I was fine on my own. It never bothered me to be single... till it did. One day, I realized I was going to be thirty and all my friends were married or engaged. When I visited them, they had their wives, their kids, a dog, while I came home to a lonely place.
"When are you going to get married, Percy?" Amanda asked me, she is Joe's wife. Joe is my foreman and a great friend. They invite me to have dinner with them once a week.
"I'm not sure I'll ever get married," I said, letting out a long sigh.
"Why not? You're a great catch," Amanda insisted.
"Because all the good ones are already taken and settled, or committed to someone."
"There are millions of amazing single women out there, Percy. My friend Laura is one of them," Amanda smiled at me.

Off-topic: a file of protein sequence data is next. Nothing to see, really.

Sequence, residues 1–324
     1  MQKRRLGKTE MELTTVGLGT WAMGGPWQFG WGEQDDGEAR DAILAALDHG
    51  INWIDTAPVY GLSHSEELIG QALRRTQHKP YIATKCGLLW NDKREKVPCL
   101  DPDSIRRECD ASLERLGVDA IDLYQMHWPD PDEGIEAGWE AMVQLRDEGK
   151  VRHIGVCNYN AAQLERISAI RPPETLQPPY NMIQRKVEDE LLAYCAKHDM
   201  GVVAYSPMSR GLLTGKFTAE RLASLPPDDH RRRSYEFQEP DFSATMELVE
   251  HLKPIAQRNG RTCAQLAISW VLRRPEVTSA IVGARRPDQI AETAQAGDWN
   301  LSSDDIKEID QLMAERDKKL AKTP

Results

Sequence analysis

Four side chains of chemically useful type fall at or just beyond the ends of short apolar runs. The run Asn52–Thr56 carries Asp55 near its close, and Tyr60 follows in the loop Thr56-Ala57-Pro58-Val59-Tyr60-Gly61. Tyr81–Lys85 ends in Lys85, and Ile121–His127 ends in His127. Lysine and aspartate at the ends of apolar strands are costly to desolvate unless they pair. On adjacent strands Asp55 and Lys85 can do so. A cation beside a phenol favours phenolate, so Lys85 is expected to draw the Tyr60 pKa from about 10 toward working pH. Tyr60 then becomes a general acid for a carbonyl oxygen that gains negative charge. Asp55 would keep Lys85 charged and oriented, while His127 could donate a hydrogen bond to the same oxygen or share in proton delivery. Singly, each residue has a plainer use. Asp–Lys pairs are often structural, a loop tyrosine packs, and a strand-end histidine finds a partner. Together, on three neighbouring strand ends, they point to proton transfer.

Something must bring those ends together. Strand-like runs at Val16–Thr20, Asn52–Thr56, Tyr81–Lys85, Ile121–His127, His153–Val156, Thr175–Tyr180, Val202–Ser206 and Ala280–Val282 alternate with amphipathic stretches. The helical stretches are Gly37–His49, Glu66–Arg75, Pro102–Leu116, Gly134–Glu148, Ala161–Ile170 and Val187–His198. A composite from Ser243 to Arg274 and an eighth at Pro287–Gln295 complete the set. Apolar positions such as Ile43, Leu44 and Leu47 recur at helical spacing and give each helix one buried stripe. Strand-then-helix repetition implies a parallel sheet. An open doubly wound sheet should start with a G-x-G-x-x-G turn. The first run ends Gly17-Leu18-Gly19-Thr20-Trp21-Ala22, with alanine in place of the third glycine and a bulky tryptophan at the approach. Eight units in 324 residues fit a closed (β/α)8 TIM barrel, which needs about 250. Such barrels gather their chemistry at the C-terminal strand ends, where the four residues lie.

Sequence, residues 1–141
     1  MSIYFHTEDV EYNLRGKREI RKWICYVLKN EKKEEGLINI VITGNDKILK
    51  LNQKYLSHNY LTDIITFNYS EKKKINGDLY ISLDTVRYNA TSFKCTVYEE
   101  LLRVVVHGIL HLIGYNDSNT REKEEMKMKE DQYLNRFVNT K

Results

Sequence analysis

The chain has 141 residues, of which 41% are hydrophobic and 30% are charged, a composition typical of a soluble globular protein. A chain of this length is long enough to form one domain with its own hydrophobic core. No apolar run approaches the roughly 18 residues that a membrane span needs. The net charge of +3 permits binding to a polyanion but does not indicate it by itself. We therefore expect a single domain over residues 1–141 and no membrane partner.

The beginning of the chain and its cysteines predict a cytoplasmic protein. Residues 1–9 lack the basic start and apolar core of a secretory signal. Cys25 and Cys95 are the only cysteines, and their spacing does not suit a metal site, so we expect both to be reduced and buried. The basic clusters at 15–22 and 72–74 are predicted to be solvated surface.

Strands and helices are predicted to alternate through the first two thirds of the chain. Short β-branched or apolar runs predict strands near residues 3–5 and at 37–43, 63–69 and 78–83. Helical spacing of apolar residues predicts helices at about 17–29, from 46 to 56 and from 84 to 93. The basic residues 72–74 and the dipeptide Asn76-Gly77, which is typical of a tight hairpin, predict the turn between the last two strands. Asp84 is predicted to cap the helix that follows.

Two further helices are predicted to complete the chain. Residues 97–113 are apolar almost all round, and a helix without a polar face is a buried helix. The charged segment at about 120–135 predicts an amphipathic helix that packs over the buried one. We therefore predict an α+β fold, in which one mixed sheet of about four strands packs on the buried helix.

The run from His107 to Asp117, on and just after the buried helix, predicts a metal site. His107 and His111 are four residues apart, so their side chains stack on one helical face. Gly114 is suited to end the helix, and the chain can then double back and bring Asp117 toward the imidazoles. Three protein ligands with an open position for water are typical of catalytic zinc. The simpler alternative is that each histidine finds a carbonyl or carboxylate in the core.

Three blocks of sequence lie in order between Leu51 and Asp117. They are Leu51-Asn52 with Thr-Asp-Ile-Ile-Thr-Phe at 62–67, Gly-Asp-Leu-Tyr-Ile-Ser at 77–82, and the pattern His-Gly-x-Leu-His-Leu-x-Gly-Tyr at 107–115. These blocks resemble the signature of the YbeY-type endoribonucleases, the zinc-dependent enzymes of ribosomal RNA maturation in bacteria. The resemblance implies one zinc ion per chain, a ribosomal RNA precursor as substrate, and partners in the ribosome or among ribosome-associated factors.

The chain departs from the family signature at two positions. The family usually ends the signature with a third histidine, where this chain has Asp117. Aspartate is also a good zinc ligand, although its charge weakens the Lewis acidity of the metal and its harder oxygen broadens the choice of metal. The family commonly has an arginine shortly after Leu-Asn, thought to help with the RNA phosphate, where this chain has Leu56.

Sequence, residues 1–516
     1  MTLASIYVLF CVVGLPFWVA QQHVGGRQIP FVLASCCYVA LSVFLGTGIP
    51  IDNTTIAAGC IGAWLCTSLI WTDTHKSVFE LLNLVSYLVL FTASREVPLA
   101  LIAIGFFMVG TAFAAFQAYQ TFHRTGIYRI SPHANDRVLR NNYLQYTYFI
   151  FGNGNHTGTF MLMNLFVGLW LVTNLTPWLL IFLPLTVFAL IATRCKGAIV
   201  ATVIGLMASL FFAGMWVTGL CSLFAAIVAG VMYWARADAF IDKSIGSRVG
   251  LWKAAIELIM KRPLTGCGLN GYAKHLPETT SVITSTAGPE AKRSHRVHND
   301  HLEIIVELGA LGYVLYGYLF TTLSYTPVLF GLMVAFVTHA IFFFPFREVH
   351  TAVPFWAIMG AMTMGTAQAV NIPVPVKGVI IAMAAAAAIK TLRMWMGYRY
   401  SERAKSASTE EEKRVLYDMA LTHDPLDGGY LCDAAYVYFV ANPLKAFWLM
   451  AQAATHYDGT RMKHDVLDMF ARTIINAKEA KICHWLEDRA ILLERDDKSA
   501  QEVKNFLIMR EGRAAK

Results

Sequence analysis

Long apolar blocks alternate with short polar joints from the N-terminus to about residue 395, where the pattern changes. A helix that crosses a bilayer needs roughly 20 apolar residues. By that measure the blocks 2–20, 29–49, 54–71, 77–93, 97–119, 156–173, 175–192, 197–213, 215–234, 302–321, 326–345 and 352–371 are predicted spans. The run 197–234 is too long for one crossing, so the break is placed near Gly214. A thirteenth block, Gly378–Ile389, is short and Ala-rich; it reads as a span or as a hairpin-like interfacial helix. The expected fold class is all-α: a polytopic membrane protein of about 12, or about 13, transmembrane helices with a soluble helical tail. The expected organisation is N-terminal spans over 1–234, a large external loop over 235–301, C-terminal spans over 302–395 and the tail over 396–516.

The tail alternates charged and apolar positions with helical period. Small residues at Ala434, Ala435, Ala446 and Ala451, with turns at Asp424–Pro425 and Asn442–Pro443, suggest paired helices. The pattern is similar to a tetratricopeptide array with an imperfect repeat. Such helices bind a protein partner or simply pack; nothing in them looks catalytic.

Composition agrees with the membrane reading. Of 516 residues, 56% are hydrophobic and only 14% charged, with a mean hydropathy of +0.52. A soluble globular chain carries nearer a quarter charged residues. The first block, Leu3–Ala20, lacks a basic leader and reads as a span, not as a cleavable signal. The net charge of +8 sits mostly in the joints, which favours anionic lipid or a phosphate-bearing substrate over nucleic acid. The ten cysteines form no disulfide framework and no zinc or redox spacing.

I didn't take the bait, "But there aren't millions that are right for me. All the available girls are in the 'no-go' category: ugly, career-oriented, or divorced bitches."
"Career-oriented?" Amanda frowned. "I never thought you would be the machist type that thinks that women must stay at home."
"I'm not talking about her being employed. I'm talking about women who work more than 40 hours a week. Women who are so busy chasing a higher position in their companies, that they lose track of other things, like socializing, traveling, or enjoying a lazy day."
"I get what you mean," Amanda conceded.
"If many social studies are to be believed, professional women are more likely to get divorced, more likely to cheat, less likely to have children, and, if they do have kids, they are more likely to be unhappy about it."
Amanda was still processing my words, looking for a crack in my reasoning, when my friend Joe asked me, "What do you have against divorced women? Anyone can make a mistake."